Finally, MacLean even mentions the newly-operational Soviet nuclear-powered icebreaker Lenin by involving the ship in an aborted attempt to reach the survivors at Drift Ice Station Zebra.

Maclean says he got much of the technical information of the novel from the book Nautilus 90 North by William Anderson.[6]


The New York Times called it "an exciting adventure".[7] Another review said Maclean's "gift for sustained excitement is remarkable."[8]

Film adaptation[edit]

1968 film[edit]

The novel was later very loosely adapted into the 1968 John Sturges film of the same name starring Rock Hudson. The most obvious changes involved the names of the novel's characters:

  • The nuclear submarine Dolphin became USS Tigerfish.
  • The British spy Dr. Carpenter was renamed David Jones, portrayed by Patrick McGoohan.
  • Commander Swanson was changed to Commander Ferraday, portrayed by Hudson.

Additional characters were added, including a US Marine platoon trained in Arctic warfare:

Much of the novel's characterisation involving the submarine's crew was jettisoned in favour of these new cinematic creations. Also all characters from the Ice Station Zebra in the novel were removed. They were claimed to have died in the fire, notably two main villains who had caused the fire in the first place. Also removed were all references to Dr. Carpenter's brother.

Beyond the name change, the film's submarine has a design similar to the first nuclear-powered submarine, Nautilus, rather than the more streamlined, teardrop-shaped vessel, either the contemporaneous Skipjack or Permit design, that was described in the novel. In the movie, the fire on the drift Ice Station was explained away as accidental.

The Soviet interest in recovering the lost spy satellite is shown early in the film when a spy ship disguised as a fishing trawler waits outside Holy Loch when the Tigerfish sets sail. The nearly fatal flooding of the forward torpedo room, before the intermission, is the only time in the film where the submarine is shown to be in jeopardy, unlike the novel where a fire in the engine room nearly kills the entire crew. The film does not show the return trip of the submarine. In the novel, the survivors of Ice Station Zebra are rescued and it is on the return trip that the saboteur of the station sets fire to the engine room in an attempt to get the satellite pictures out. The film's climax involves a superpower confrontation between Soviet paratroopers and the US Marines at Ice Station Zebra itself, but concludes on a much more ambiguous note than the novel, reflecting the perceived thaw in the Cold War following the Cuban Missile Crisis.


On 6 May 2013, The Hollywood Reporter reported that Warner Bros. will undertake a remake of Ice Station Zebra, with Christopher McQuarrie signed to direct and write the screenplay for the film.[9]

Popular culture[edit]

The novel is referenced in the 19th episode of the second season of Perfect Strangers, Snow Way to Treat a Lady, Part 2. After a second avalanche during the night while everyone was sleeping, Larry wakes up in the morning in discomfort. he pulls a book from under him and reads the title "Ice Station Zebra?", and throws it aside.

The novel is referenced in "The Leadership Breakfast", the eleventh episode of the second season of The West Wing. While building a fire, Josh Lyman (played by Bradley Whitford) says, "It's like Ice Station Zebra in here."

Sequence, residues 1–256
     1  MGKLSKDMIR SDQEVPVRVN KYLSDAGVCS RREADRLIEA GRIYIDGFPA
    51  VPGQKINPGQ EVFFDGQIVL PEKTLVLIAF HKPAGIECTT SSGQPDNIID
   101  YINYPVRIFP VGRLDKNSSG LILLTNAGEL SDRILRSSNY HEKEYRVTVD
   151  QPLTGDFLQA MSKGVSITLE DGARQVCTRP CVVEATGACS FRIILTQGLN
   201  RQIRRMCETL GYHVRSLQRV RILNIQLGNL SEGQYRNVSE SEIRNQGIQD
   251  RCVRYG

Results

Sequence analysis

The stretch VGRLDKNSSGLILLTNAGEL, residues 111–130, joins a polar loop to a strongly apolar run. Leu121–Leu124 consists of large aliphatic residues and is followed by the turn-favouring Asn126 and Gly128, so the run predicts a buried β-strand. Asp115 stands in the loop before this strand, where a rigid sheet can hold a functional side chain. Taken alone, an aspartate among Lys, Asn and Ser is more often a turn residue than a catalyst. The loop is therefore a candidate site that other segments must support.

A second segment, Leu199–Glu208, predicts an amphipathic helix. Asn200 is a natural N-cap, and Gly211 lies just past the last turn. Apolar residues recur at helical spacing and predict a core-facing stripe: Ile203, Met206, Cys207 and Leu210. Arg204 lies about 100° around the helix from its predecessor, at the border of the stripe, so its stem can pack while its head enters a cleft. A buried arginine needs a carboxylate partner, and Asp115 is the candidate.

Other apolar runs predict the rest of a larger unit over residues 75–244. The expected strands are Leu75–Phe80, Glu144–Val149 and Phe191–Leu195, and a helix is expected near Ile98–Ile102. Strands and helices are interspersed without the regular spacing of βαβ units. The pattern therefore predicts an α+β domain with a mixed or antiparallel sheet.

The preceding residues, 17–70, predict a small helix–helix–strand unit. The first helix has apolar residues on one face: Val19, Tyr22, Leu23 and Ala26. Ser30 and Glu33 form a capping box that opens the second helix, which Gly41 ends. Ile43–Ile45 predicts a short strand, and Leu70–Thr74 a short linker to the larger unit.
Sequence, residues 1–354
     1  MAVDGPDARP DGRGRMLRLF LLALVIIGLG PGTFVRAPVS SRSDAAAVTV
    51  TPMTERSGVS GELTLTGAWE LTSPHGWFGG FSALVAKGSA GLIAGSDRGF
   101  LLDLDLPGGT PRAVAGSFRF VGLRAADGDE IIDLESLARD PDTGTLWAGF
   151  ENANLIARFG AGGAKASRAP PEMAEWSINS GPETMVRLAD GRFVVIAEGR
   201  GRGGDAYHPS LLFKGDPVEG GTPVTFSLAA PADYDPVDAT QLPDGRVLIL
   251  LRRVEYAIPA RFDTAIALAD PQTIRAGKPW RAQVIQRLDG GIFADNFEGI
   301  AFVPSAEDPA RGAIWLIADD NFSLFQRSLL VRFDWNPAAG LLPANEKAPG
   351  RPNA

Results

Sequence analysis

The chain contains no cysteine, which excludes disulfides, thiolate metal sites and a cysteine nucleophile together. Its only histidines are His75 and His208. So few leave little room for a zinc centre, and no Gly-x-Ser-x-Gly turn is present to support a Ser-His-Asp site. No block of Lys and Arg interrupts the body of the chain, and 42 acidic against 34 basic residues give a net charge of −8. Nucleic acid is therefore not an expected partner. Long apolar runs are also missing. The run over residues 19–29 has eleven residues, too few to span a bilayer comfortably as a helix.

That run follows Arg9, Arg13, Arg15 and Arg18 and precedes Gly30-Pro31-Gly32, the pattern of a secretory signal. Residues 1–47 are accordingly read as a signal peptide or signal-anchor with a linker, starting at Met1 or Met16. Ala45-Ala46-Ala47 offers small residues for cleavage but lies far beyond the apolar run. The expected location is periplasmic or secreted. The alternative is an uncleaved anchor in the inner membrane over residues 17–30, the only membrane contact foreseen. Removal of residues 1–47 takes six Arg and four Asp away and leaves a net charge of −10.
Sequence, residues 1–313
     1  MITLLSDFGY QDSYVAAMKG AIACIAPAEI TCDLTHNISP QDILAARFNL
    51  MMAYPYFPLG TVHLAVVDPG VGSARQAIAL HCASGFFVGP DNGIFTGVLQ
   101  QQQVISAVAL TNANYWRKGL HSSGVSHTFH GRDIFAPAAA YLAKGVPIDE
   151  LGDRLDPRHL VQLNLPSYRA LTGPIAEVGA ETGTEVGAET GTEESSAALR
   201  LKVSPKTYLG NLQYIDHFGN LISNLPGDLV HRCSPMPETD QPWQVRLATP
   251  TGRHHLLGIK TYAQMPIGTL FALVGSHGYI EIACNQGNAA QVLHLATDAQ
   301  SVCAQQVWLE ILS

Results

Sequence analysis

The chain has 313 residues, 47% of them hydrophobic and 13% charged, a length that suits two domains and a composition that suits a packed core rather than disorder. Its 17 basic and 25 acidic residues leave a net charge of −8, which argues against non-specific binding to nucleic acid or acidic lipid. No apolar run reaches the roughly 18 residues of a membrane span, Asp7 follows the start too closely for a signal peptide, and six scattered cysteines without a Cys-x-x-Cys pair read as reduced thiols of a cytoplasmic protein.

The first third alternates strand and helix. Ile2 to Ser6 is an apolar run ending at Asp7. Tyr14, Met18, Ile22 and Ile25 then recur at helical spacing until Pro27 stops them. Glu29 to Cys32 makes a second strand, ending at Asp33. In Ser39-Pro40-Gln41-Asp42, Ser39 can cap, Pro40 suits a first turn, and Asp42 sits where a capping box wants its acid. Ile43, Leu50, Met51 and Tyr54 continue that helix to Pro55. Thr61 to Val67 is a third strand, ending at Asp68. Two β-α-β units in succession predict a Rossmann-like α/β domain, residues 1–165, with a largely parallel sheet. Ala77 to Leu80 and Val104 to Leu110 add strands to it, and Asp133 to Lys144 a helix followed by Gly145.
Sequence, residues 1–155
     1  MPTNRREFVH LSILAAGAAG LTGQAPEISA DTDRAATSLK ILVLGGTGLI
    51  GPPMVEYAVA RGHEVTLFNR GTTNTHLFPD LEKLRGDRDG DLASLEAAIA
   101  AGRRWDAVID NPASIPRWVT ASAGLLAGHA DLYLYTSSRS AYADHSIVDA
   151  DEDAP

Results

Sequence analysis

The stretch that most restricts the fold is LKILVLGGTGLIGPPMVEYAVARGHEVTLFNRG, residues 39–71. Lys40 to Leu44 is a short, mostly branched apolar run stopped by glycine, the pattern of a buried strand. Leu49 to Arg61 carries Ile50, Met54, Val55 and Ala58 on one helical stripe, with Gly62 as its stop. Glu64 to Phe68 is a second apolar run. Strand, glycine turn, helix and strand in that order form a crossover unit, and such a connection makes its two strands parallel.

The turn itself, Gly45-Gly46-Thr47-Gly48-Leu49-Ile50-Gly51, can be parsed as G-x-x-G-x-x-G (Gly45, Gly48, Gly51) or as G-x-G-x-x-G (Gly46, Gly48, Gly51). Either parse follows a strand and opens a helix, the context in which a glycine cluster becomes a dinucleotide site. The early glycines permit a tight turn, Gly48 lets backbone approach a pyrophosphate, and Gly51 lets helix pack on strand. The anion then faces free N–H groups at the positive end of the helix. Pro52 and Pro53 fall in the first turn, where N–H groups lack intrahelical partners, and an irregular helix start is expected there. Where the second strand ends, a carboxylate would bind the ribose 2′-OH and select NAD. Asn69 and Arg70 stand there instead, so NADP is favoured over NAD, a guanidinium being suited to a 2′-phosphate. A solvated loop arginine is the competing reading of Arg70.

The novel is parodied in the Sealab 2021 third-season episode, "Frozen Dinner". The Sealab crew must rescue scientists aboard Ice Station Zebra, a research station on top of an ice floe. The ice floe has turned upside down and trapped the two men, while the Sealab crew tries to rescue them in a submarine. While the scientists immediately turn to cannibalism, the Sealab sub – led by a German crew resembling that from Das Boot – predictably fumbles the rescue.

The movie adaptation of the novel is referenced in The Big Bang Theory Episode 23 of season 2 "The Monopolar Expedition".

Howard Hughes's obsession[10][11] with the movie adaptation of the novel is referenced in "I Wanna Be a Boss", a 1991 song by American singer-songwriter Stan Ridgway.

In 2018 Jack White released a song with the title "Ice Station Zebra".

In the eighth episode of the second season of the American television drama series Breaking Bad, "Better Call Saul", there is a scene where the character Saul Goodman, played by Bob Odenkirk, asks his new client, Badger, played by Matt L. Jones, to send him a money order payable to "Ice Station Zebra Associates", the company name Saul Goodman uses for his loan out for tax purposes.[12]


  1. ^ Existential Ennui: Beautiful British Book Jacket Design of the 1950s and 1960s
  2. ^ a b Williams. Submarines Under Ice, p. 133–141
  3. ^ Polmar and Moore. Cold War Submarines, p. 156
  4. ^ Chronology of Spy Satellites Archived 13 May 2007 at the Wayback Machine @
  5. ^ Taubman, Secret Empire, p. 287.
  6. ^ Johnstone, Jain (17 December 1972). "War Is Hell, but It Pays Off for MacLean: War Pays Off for MacLean War Pays Off for MacLean War is Hell, but It Pays Off for Alistair". Los Angeles Times. p. 1.
  7. ^ MARTIN LEVIN (13 October 1963). "A Reader's Report". New York Times. p. 385.
  8. ^ "Books of The Times: Terror On and Under the Polar Ice By ORVILLE PRESCOTT End Papers". New York Times. 13 December 1963. p. 33.
  9. ^ "Christopher McQuarrie to Write, Direct Remake of Ice Station Zebra] (Exclusive)". The Hollywood Reporter. 6 May 2013. Retrieved 27 December 2013.
  10. ^ Chun, Rene. "Howard Hughes had an epic screening room installed in his Vegas hotel suite. We've recreated it". Wired. Retrieved 26 August 2022.
  11. ^ "Ice Station Zebra (1968)". Turner Classic Movies. Archived from the original on 20 June 2017. Retrieved 7 August 2020.
  12. ^ Saul Goodman in Breaking Bad - First Appearance. YouTube. Archived from the original on 11 December 2021.


  • Anderson, William R. (1959). Nautilus 90 North. Hodder & Stoughton.
  • Norman Polmar and K. J. Moore. Cold War Submarines: The Design and Construction of US and Soviet Submarines (Washington, D.C.: Potomac Books, Inc., 2004) ISBN 1-57488-530-8
  • Phil Taubman. Secret Empire: Eisenhower, the CIA, and the Hidden Story of America's Space Espionage (New York: Simon & Schuster, 2003) ISBN 0-684-85699-9
  • Marion D. Williams. Submarines Under Ice: The US Navy's Polar Operations (Annapolis, Maryland: Naval Institute Press, 1998) ISBN 1-55750-943-3

External links[edit]